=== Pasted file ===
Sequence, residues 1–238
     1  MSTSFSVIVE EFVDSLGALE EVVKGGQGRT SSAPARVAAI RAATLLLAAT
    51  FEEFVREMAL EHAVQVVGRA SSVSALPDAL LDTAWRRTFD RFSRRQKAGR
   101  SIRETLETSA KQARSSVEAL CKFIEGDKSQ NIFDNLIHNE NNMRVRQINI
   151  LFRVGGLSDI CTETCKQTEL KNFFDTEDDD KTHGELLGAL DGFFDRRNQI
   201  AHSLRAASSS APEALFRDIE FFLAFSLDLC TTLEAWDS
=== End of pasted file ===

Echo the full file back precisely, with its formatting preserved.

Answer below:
Sequence, residues 1–238
     1  MSTSFSVIVE EFVDSLGALE EVVKGGQGRT SSAPARVAAI RAATLLLAAT
    51  FEEFVREMAL EHAVQVVGRA SSVSALPDAL LDTAWRRTFD RFSRRQKAGR
   101  SIRETLETSA KQARSSVEAL CKFIEGDKSQ NIFDNLIHNE NNMRVRQINI
   151  LFRVGGLSDI CTETCKQTEL KNFFDTEDDD KTHGELLGAL DGFFDRRNQI
   201  AHSLRAASSS APEALFRDIE FFLAFSLDLC TTLEAWDS